Are we heading for the UK’s own ‘Watergate’-scale scandal over Brexit and prorogation?

Liar, liar: Did Boris Johnson look like this, in this now-infamous photo, because his pants were on fire?

Boris Johnson tells us that he did not lie to the Queen about his reasons for wanting Parliament prorogued. Do you believe this habitual liar?

I don’t.

I’m far more likely to believe Joanna Cherry MP, one of the 75 Parliamentarians who took the Tory government to court in Scotland over the decision to prorogue.

She thinks BoJob lied to our monarch, and she thinks that the government’s refusal to release communications on the subject by Downing Street aides – who were using their personal equipment to do so, is intended to hide the evidence. She says we could be heading for a scandal of Watergate-sized proportions.

And let’s be honest – the fact that the government is refusing to hand over the messages is extremely suspicious. If there was nothing incriminating on those devices, what’s the problem?

There is also a double-standard going on here.

Parliament has been prorogued because the Queen ordered it – on the advice of Mr Johnson, relayed by Jacob Rees-Mogg.

But it is also the Queen who ordered the release of information on these aides’ mobile devices – on the urging of a “humble address” to her by Parliament.

Boris Johnson’s government does not have the option to choose which of Her Majesty’s orders it chooses to obey. She wants the information out in the open so out is where it should be.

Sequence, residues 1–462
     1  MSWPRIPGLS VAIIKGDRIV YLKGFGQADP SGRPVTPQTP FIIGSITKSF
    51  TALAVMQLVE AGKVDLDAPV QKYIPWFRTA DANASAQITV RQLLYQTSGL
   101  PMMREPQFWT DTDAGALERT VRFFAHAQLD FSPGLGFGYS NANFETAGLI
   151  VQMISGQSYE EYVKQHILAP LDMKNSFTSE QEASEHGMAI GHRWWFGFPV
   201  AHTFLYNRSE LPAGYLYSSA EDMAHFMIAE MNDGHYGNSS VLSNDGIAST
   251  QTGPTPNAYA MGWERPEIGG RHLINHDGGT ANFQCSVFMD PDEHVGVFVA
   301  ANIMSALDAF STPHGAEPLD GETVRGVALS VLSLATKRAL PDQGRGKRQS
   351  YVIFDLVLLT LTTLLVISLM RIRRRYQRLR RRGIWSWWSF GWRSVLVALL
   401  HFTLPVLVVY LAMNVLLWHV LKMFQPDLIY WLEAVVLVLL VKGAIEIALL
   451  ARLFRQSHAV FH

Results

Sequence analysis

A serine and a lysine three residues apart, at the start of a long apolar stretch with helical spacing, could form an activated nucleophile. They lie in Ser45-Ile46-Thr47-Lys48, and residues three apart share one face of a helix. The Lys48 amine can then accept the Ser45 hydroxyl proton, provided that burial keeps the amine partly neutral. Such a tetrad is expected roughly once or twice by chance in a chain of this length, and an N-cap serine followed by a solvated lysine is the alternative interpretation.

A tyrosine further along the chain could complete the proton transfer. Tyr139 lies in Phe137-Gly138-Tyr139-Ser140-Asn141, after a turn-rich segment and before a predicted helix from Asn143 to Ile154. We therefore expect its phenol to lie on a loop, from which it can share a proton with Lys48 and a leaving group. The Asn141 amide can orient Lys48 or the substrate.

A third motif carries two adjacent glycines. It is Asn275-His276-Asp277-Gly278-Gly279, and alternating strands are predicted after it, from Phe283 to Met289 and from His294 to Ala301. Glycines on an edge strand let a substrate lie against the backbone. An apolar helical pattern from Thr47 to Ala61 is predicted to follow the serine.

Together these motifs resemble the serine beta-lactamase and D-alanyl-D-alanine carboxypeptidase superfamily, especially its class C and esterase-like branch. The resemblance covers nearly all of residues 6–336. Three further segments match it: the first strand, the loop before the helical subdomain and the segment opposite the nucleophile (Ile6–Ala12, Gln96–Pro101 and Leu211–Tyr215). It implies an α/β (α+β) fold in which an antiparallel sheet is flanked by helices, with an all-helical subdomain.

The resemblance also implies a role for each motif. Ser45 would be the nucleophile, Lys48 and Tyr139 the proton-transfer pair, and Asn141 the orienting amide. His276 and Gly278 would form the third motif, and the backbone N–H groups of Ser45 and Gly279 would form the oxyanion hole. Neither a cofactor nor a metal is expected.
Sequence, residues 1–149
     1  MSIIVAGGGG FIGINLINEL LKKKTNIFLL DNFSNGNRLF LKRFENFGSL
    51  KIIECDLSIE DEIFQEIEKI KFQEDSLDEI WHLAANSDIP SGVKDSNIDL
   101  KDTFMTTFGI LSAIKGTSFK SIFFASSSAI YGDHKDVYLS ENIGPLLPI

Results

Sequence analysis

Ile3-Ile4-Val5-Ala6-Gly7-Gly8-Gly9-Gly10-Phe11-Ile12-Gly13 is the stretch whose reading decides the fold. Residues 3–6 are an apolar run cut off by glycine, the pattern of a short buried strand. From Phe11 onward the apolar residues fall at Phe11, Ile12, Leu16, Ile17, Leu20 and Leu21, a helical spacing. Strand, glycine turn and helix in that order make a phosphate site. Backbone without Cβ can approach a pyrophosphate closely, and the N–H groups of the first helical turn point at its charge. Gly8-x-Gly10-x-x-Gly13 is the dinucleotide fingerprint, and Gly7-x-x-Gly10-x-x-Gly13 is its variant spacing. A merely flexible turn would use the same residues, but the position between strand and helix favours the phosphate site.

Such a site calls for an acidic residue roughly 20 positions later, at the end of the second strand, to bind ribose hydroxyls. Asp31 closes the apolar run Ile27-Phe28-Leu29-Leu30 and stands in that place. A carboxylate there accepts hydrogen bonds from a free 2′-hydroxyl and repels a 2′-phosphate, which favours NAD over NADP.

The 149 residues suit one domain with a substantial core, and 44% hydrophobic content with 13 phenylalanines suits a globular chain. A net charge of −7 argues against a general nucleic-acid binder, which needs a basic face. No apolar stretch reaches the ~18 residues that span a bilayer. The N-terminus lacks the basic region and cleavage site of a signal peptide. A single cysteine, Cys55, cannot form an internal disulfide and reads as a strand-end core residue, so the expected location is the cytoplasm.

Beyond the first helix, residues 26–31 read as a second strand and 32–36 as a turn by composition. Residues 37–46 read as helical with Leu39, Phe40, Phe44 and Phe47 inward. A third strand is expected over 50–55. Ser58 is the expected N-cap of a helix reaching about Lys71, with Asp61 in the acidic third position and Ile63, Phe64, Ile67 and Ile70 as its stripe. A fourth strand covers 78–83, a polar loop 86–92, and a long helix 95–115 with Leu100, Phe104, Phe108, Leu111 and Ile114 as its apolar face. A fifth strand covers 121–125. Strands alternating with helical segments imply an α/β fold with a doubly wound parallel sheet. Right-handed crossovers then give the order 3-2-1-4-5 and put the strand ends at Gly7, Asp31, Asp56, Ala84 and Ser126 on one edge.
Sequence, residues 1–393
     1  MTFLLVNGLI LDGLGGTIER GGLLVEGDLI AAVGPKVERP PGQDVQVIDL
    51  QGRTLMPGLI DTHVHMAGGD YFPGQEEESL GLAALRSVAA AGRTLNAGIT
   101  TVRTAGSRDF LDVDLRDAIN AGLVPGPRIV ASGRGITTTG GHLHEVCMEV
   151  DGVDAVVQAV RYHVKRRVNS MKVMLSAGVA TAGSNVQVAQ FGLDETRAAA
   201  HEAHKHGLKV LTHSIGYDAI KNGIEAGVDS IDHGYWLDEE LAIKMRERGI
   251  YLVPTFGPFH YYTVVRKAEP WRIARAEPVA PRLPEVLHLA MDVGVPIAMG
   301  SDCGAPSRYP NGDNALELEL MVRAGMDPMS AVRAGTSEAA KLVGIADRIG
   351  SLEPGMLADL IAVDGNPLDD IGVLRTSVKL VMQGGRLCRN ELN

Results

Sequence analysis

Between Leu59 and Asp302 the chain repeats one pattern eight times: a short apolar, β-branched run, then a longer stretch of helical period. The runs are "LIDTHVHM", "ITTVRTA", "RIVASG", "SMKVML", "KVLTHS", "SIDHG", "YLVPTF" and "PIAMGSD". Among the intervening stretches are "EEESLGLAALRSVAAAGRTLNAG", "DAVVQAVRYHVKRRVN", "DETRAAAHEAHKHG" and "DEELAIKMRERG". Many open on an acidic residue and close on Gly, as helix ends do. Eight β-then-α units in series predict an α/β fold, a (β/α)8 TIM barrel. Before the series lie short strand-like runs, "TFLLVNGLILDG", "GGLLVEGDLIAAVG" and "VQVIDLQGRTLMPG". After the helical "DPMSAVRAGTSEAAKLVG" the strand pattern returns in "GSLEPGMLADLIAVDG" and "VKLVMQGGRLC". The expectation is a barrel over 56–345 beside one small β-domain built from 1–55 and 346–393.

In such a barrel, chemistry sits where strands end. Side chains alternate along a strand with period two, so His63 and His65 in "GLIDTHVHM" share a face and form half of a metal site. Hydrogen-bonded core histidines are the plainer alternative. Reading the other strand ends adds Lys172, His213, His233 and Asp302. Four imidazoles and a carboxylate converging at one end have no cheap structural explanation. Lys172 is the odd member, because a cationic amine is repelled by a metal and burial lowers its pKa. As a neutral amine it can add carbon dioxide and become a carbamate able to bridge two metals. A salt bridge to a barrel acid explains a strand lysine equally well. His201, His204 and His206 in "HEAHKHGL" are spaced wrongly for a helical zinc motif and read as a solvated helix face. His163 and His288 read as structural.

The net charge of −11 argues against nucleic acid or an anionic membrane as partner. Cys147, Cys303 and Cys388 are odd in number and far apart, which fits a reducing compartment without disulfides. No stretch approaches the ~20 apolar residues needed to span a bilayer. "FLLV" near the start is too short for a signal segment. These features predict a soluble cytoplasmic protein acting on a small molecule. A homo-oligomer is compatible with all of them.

Looking at the government’s reasons for refusing the order – representatives like Michael Gove have said it is unreasonable to demand aides’ personal devices in order to see the messages on them.

But according to the law, aides are not permitted use their personal devices to discuss government business and the order was made because of concerns that this is exactly what they have been doing – in order to hide the facts from the public.

So the situation is clear: if these aides didn’t want us to see the contents of their mobile phones (or whatever devices they used), they should not have broken the law and used them. The evidence – the refusal to provide these devices – suggests that they did. They only way to vindicate themselves is to hand over the gear.

Otherwise we’re going to go forward – into a general election, as we understand it – in the belief that the leader of a party of government misled Queen and country for his own selfish reasons. That’s not a good platform on which to campaign.

I mean, nobody’s going to believe the word of a proven liar, are they?

Have YOU donated to my crowdfunding appeal, raising funds to fight false libel claims by TV celebrities who should know better? These court cases cost a lot of money so every penny will help ensure that wealth doesn’t beat justice.

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4 thoughts on “Are we heading for the UK’s own ‘Watergate’-scale scandal over Brexit and prorogation?

  1. Gary Bowman

    What’s Government’s favourite phrase when they erode our freedom with bills like the Snoopers Charter? Something along the lines of, “if you have nothing to hide, you have nothing to worry about” isn’t it?

  2. Gary Bowman

    If it was sent on a personal device then surely it’s subject to the same laws under the Snoopers charter? It will obviously take a court order, like it would if they were investigating one of us (yeah, right) to obtain it but it must be doable?

  3. trev

    Yep, it’s ‘Watergate’ allover again. History really does seem to be repeating itself in cycles on an ever -tightening spiral, just as Terrence McKenna said.

  4. xpressanny

    I doubt we will enter into Watergate style investigation as we don’t have a Woodward or Bernstein. All we have is lazy, R Wing MSM who write opinion pieces. We don’t have any investigative journalists in our MSM.

Comments are closed.